The Office of the U.S. Trade Representative (USTR) recently issued the 2019 National Trade Estimate Report on Foreign Trade Barriers (NTE), its annual tally of foreign trade and investment barriers. Government procurement, including “buy national” policies and closed bidding, is one of the 11 categories surveyed. This post highlights developments noted in the NTE relating to government procurement.
As detailed in the 2018 NTE report, a number of countries, including Algeria, Angola, Argentina, Bolivia, Brazil, Ecuador, the European Union, Ghana, India, Indonesia, Israel, Jordan, Kenya, Kuwait, Malaysia, Nigeria, Paraguay, Philippines, Qatar,Russia, Saudi Arabia, South Africa, Thailand, Turkey and the United Arab Emirates, continue to apply domestic preferences. They include restrictions on foreign participation in government tenders, price preferences, offsets, set-asides, preferential treatment of domestically sourced goods and services and of firms that are domestically owned or controlled; and requirements for domestic workers in government contracts.
The 2019 NTE took note of new developments, relating to government procurement. Most involve barriers but a few show positive measures.
Argentina allows application of a national domestic preference for most procurement. In May 2018, it issued Law 27,437, which gives additional priority to Argentine small and medium-sized enterprises (SMEs) and requires foreign companies to subcontract 20% of the value of government contracts to domestic companies. A similar measure applies at the sub-national (provincial) level. To implement the new requirements, the government issued Decree 800/2018 in September 2018.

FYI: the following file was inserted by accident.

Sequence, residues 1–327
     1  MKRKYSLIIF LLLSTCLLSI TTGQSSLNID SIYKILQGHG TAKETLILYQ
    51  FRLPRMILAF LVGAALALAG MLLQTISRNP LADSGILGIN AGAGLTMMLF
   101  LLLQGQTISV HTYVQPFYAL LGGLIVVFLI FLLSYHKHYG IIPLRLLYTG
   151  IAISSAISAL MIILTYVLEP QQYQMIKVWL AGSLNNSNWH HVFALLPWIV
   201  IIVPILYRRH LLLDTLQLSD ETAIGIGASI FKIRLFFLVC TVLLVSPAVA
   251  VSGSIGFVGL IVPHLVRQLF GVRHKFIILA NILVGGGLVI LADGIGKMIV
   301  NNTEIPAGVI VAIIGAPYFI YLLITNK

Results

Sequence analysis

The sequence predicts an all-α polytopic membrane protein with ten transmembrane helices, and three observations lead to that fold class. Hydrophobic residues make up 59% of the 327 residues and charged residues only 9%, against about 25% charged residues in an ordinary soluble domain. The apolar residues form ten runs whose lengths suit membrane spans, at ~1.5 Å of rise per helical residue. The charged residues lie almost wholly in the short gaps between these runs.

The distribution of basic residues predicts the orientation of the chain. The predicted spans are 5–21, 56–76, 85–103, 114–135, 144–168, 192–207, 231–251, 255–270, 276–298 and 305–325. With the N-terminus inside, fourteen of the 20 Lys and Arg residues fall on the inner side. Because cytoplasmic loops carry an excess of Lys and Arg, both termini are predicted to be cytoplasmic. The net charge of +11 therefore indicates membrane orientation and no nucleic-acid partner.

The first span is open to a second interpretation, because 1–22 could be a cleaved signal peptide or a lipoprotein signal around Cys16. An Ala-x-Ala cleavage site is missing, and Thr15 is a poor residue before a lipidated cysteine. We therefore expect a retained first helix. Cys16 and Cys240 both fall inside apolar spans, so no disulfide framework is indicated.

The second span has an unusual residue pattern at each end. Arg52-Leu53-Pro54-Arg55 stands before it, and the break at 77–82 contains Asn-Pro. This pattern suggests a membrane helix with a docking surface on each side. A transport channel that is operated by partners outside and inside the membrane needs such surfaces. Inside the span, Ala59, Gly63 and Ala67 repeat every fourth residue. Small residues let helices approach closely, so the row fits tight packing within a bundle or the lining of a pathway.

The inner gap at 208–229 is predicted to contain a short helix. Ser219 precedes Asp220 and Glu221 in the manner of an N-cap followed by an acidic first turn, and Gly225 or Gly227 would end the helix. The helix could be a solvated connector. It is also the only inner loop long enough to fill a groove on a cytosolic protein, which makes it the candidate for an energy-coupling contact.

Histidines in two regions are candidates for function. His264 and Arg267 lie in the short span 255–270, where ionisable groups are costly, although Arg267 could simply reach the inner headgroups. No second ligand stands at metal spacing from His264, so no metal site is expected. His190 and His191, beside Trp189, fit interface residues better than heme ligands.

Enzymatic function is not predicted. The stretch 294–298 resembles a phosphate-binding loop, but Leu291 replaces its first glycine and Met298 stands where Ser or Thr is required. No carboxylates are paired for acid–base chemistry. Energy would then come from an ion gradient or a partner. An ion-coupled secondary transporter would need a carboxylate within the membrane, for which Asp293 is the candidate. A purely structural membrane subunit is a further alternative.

Cambodia: In a positive development, the NTE reported that the Cambodian government, in February 2018, issued a new regulation on procedures to resolve complaints about irregularities in its government procurement. The regulation covers all procurement conflicts except those already being addressed through arbitration, those involving military secrets, and concession projects that are regulated separately.
Canada: In October 2018, the Government of Canada issued a draft Request for Proposal (RFP) for its Future Fighter Capability Project. The draft RFP included an Economic Impact Assessment (EIA) in its evaluation criteria. The EIA noted that any bid by a firm that was involved in a “trade remedy action” against a Canadian product would be subject to the EIA, which could reduce its final bid score. According to the NTE, “the move was broadly interpreted as a response to Boeing’s 2017 trade remedy action against Canada’s Bombardier, and a warning to other companies that might pursue trade remedy actions against Canadian firms”. If the EIA were included in the final RFP, it could disadvantage U.S. firms bidding on future Canadian defense procurement.
China: The Report focuses on China’s negotiations to join the WTO Government Procurement Agreement (GPA), recognizing that it has made progress but its latest offer in December 2014 still “fell short of U.S. expectations and remains far from acceptable” to the United States.
Egypt: In July 2018, the Egyptian Parliament enacted a law on government procurement (No. 182), which together with its regulations, requires procurement decisions to be made in a competitive and transparent manner and meet technical factors and price as well as sustainable development goals. Under the new law Egyptian small and medium-sized enterprises continue to have the right to obtain up to 20% of government contracts annually.